“2 Weeks in Lagos” is a turbulent and thrilling journey into the lives of Ejikeme and Lola. Their lives collide when Ejikeme an investment banker comes home from the United States with Lola’s brother Charlie to invest in Nigerian businesses. It is love at first sight for them and as they embark on a journey of discovering this new love, they have to contend with the political ambitions of Ejikeme’s mother who is planning a marriage between him and the only daughter of Otunba Ayodeji, a political juggernaut who is considering Ejikeme’s father as his running mate for the Nigerian Presidency. His mother’s actions create a rift between Ejikeme and Lola that pits their families against one another with almost deadly results. Ejike’s mother is a driven social butterfly with just one aim in mind, make her husband President and become the First Lady. Lola’s mother is a psychologist with a cool temperament but she is pushed too far when her daughter is threatened. As the love story of Ejikeme and Lola unfolds, viewers will laugh, cry and root for true love all at once.
In “2 Weeks in Lagos” we witness the impact of superstitions on the Nigerian mind when a father tries to kill his young daughter who he has accused of being a demon child (Ogbanje in the local parlance), claiming she is the reason for his depressed business and his wife’s sickness that had been going on since she was born. When he is stopped from doing this by Lola and her tailor Madam Eloho, he dumps the child on Madam Eloho and leaves without a backward glance. In Madam Eloho, the elasticity of the Nigerian psyche in dealing with difficulties is fully displayed as she takes on the child without giving it any though and declares that “God will help us” when Lola questions her about being able to provide for the child.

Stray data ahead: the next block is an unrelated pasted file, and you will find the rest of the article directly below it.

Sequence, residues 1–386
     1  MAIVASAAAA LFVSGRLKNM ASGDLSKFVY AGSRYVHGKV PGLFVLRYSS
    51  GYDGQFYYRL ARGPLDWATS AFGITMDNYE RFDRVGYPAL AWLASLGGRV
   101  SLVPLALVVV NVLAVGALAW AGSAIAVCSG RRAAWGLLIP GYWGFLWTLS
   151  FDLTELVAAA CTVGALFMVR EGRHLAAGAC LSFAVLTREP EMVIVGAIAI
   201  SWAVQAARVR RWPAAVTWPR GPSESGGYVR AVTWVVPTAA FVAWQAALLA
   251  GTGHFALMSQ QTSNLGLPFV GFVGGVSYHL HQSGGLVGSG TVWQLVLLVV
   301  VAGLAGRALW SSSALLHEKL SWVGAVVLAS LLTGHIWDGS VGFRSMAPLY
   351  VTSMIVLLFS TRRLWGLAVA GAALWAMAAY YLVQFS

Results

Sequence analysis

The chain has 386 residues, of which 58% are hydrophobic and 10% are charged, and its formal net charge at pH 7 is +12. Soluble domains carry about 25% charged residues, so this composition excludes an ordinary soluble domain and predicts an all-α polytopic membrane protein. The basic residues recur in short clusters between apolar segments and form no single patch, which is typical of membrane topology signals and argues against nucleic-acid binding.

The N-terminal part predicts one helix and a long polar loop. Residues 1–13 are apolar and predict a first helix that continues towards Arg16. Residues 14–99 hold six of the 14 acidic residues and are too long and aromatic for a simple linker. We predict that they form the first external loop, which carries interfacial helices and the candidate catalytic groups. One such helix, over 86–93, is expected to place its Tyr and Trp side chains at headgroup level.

“2 Weeks in Lagos” captures the excitement and vibrancy of everyday life in Lagos and reflects the complexity of life in Lagos, a dynamic city where anything is possible in 2 Weeks. Through out the story, Nigerian traditions are explored in an authentic manner that is exciting, educative and poignant; biblical truths about mercy, love, and forgiveness are explored and naturally woven into the day-to-day lives of the protagonists in a truthful and respectful manner reflecting the deep faith of the typical Nigerian. From the crippling infamous Lagos traffic, to the daily hustle that makes up life on the streets of Lagos and a visit to the local street food vendors (Bukkas) serving up the best in local delicacies, “2 Weeks in Lagos will keep viewers glued to the screen from beginning to end.